The Brexit Bombshell Autumn Statement

The Chancellor today set out his first Autumn Statement and laid bare the real cost of Brexit.

Here’s what you need to know.
A missed opportunity to end austerity
The Chancellor has chosen to continue Tory austerity, slash budgets for public services and hammer family finances. 
In the ten year period to 2019-20 the UK government – both the Tory-led coalition and the current Tory government – will have cut Scotland’s budget by a huge £2.9 billion in real terms. That’s after the Chancellor’s ‘extra’ £820 million is added. To paraphrase the former Tory leader William Hague, it’s a bit like stealing someone’s car and coming back the next day with the hubcaps. Find out more on that here.

A Brexit bombshell for our economy – with £225 million more in borrowing every week
The Autumn Statement revealed the truth about Brexit and the UK’s financial and economic future. The impact of the EU referendum result will be lower growth, higher inflation, lower tax revenues, and higher debt.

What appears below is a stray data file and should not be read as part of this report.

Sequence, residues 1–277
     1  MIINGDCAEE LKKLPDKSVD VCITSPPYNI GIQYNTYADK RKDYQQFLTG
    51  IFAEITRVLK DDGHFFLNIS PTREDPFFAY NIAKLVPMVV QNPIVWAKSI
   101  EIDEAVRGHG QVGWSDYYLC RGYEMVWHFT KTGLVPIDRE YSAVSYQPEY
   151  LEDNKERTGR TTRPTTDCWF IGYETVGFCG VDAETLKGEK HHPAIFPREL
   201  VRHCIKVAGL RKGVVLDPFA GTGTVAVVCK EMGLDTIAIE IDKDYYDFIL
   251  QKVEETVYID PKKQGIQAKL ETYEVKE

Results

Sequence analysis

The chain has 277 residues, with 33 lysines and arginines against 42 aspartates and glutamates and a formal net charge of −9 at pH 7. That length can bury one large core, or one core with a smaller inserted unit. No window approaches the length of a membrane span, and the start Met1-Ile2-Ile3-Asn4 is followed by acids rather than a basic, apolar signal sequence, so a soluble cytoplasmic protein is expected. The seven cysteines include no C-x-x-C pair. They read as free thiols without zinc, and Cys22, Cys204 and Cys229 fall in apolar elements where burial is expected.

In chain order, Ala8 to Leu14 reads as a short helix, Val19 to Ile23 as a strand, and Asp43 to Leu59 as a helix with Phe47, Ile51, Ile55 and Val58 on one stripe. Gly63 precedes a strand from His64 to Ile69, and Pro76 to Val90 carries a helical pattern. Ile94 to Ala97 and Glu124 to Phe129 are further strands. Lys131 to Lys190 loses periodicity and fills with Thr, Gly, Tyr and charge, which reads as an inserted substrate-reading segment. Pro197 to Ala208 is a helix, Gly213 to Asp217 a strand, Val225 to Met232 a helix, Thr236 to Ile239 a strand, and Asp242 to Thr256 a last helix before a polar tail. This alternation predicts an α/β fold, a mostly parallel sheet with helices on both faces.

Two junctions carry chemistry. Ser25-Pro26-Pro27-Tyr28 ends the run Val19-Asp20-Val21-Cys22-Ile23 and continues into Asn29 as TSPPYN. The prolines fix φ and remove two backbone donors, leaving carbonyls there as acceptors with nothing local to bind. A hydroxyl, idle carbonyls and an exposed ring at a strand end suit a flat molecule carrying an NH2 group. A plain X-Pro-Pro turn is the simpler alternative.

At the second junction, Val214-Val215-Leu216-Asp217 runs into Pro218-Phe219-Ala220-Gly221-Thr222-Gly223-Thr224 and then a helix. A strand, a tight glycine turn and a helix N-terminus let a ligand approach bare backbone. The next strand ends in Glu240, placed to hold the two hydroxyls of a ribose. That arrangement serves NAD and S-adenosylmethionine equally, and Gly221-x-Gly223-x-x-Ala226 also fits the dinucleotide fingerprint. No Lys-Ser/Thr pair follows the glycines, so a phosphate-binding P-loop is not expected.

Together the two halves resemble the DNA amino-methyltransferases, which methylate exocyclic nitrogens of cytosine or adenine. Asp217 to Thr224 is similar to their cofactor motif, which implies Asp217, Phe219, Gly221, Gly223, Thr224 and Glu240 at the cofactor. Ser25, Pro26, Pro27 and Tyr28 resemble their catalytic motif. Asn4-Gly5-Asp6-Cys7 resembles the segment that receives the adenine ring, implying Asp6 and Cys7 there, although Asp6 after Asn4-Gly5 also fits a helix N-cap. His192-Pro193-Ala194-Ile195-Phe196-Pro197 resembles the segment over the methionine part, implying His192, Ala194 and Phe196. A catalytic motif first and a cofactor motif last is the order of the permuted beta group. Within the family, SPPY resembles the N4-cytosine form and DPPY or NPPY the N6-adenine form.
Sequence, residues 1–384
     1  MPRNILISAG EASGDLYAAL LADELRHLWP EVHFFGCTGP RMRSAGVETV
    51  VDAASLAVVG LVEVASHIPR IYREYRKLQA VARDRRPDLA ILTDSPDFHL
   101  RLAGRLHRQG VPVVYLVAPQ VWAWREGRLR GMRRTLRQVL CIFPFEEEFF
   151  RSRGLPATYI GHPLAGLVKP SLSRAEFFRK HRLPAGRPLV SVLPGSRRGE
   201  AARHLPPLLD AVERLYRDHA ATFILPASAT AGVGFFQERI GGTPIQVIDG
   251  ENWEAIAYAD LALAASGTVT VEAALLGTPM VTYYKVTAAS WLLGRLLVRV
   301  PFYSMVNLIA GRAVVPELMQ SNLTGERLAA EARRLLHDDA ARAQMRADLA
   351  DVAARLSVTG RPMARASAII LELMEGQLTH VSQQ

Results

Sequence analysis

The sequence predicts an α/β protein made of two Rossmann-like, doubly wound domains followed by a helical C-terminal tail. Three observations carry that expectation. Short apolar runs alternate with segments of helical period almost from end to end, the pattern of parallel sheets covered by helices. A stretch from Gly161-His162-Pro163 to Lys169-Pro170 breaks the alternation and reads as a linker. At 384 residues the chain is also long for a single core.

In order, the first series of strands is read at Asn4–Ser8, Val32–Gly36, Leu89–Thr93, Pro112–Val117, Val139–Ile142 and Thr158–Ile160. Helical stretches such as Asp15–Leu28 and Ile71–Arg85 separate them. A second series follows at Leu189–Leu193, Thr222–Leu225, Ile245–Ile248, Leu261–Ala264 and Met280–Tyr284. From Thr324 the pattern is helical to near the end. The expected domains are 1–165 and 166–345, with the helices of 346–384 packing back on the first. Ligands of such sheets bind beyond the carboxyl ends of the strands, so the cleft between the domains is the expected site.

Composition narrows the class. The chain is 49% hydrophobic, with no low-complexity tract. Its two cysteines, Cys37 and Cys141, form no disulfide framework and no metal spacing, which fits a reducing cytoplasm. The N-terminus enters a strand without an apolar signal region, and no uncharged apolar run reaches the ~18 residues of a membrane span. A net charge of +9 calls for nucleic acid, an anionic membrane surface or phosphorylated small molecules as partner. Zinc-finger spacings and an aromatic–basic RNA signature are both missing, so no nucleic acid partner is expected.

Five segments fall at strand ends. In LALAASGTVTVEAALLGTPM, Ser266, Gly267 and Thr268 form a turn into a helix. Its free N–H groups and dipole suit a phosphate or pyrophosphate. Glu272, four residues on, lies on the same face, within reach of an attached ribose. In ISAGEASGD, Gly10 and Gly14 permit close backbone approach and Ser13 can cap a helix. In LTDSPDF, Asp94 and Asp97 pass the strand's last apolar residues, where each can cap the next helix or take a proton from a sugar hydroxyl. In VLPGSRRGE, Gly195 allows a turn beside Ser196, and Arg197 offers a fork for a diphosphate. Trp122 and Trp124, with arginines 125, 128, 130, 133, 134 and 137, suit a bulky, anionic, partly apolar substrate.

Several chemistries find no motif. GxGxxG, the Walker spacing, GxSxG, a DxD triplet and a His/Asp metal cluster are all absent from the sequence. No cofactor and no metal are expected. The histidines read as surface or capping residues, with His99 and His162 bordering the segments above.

The Brexit con of £350 million more for the NHS per week was laid bare. In fact, the additional borrowing caused by Brexit will amount to £225 million per week.

Household incomes will also be squeezed – with the government’s own watchdog saying saying that since the EU referendum prices will go up, while earnings will be held back.
No reassurance of our continued place in the single market
Not only did the Chancellor fail to give any reassurances on our place in the single market – he failed to even mention it. In fact, the only mention of the European Union in the entire Autumn Statement document is to confirm the budget of the Brexit Department.
That’s simply not good enough.
Welfare cuts will continue as planned
The Autumn Statement has confirmed that all welfare cuts planned between now and 2020 will go ahead. That means cuts to housing benefit, disability benefits and tax credits for low income families.

No new measures to support the oil and gas sector
The SNP has consistently called for further action to support Scotland’s oil and gas sector. Action is required to support increased production in sites nearing decommissioning, to help the sector attract capital investment and to support exploration.
The Chancellor has chosen to take no further action to support the industry.